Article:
Here is a breakdown of the song.

Verse: Am Dm7 G7 Cmaj7 F Dm E7 Am A7 (E7 is simply E in verses 2 and 3).

Chorus 1: Dm7 G7 C Am Dm7 G7 C E

Chorus 2: Dm7 G7 C Am E7 Dm7 G7 Fm C

Chorus 3: Dm7 G7 C Am Dm7 G7 Dm7 G G7 C

Link to tab

And here’s a lesson:

4. Autumn Leaves – Eric Clapton

When I think of Jazz guitar, I seldom think of Eric Clapton but this is one of the most popular songs for beginner players as they start their journey into the genre.

And because of that, there are some great lessons available to help you along the way. 

Musically, I think it is a lot catchier than many Jazz tunes, which is probably why Eric Clapton decided to cover it. 

If you want to play this song using only chords, you can check out the tab.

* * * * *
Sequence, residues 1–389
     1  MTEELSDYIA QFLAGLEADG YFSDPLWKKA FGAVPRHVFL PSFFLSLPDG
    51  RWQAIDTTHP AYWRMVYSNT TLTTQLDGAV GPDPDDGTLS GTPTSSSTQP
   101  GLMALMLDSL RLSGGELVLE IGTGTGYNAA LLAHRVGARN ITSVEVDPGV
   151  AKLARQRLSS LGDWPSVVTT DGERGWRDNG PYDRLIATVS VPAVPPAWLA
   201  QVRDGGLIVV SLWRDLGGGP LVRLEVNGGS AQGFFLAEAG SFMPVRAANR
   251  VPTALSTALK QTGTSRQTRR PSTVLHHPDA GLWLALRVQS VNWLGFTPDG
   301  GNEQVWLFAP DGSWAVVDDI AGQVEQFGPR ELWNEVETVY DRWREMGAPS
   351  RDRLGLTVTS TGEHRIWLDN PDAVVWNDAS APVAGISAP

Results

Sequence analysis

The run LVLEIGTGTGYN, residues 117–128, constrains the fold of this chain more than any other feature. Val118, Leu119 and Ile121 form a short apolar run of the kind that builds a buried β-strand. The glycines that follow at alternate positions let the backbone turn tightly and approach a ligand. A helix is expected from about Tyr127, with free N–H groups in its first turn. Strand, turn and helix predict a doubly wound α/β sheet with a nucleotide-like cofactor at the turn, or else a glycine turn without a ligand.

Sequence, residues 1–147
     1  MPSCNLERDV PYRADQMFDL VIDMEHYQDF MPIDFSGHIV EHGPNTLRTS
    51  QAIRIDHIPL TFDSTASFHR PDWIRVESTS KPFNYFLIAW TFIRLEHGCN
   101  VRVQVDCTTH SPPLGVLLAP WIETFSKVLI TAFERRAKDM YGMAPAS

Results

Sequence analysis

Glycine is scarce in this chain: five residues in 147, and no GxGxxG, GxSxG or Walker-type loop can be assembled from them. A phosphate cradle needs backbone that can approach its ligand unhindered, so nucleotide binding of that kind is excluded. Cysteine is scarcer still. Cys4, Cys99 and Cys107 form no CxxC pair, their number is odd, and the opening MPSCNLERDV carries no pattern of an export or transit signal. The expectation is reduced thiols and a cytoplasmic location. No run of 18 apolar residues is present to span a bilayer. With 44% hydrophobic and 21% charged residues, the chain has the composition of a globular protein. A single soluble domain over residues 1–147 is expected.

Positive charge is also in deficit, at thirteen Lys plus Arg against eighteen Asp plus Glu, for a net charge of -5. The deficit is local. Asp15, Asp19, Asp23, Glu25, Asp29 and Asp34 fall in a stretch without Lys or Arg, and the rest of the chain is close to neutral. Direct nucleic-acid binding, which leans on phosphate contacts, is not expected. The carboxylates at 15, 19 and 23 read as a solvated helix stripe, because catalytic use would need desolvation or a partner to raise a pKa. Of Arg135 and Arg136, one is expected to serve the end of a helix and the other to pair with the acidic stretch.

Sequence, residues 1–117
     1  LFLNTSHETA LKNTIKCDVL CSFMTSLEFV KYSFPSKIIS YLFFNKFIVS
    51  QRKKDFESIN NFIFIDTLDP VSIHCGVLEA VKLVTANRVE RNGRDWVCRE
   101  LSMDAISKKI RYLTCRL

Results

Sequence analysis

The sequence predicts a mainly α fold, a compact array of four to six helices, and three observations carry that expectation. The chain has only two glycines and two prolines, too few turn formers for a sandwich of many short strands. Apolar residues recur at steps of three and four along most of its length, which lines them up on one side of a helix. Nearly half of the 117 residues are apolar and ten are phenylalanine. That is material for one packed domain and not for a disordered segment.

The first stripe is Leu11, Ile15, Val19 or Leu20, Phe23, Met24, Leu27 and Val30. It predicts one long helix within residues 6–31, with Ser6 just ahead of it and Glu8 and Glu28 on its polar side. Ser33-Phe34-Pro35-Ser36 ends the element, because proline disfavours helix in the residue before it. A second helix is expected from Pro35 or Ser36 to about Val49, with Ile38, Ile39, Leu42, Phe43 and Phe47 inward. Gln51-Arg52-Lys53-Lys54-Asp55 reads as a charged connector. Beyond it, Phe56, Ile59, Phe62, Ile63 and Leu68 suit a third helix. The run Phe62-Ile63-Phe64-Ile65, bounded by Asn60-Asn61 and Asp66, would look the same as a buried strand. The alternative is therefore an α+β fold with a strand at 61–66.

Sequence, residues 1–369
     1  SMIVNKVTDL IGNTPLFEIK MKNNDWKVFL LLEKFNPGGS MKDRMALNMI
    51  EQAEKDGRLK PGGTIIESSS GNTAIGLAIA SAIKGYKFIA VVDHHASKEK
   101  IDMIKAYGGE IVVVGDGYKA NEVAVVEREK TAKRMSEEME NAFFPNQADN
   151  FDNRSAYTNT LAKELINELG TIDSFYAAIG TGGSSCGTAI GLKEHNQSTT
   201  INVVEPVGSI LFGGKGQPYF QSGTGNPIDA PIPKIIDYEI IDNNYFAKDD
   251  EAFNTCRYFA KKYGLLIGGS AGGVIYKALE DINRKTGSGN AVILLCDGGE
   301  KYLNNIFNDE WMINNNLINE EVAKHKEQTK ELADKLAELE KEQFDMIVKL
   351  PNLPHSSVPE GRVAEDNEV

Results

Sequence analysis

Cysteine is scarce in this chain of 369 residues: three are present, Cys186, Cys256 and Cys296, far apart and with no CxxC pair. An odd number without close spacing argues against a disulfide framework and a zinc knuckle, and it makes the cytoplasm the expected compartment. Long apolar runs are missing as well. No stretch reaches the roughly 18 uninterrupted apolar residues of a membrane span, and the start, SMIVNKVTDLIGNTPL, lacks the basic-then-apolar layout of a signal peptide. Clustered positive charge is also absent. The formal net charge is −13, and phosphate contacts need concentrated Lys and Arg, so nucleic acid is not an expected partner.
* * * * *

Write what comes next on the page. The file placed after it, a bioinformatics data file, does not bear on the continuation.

But this one has a slow tempo and sounds so much better with the single-note melodies mixed in, I think it is worth the extra effort to learn the embellishments.

And Youtuber Paul Davids is an amazing teacher so check out his tutorial and see if you can follow along!

Link to tab

And here’s a lesson:

5. Corcovado (Quiet Nights of Quiet Stars) – Stan Getz and João Gilberto

This one has a lot of different chords, but if you have learned The Girl from Ipanema, it should be easier!

Link to tab

6. Moon River – Audrey Hepburn (from Breakfast at Tiffany’s)

Link to tab

7. Bye Bye Blackbird – Nina Simone

Link to tab

8. Take the A Train – Duke Ellington feat. Betty Roche

Link to tab (easy)

Link to tab (more advanced)

9. In a Sentimental Mood – Duke Ellington

Link to tab

10. Blue Bossa – Joe Pass and J. J. Johnson

Link to tab

11. Days of Wine and Roses – Wes Montgomery (or Frank Sinatra)

Link to tab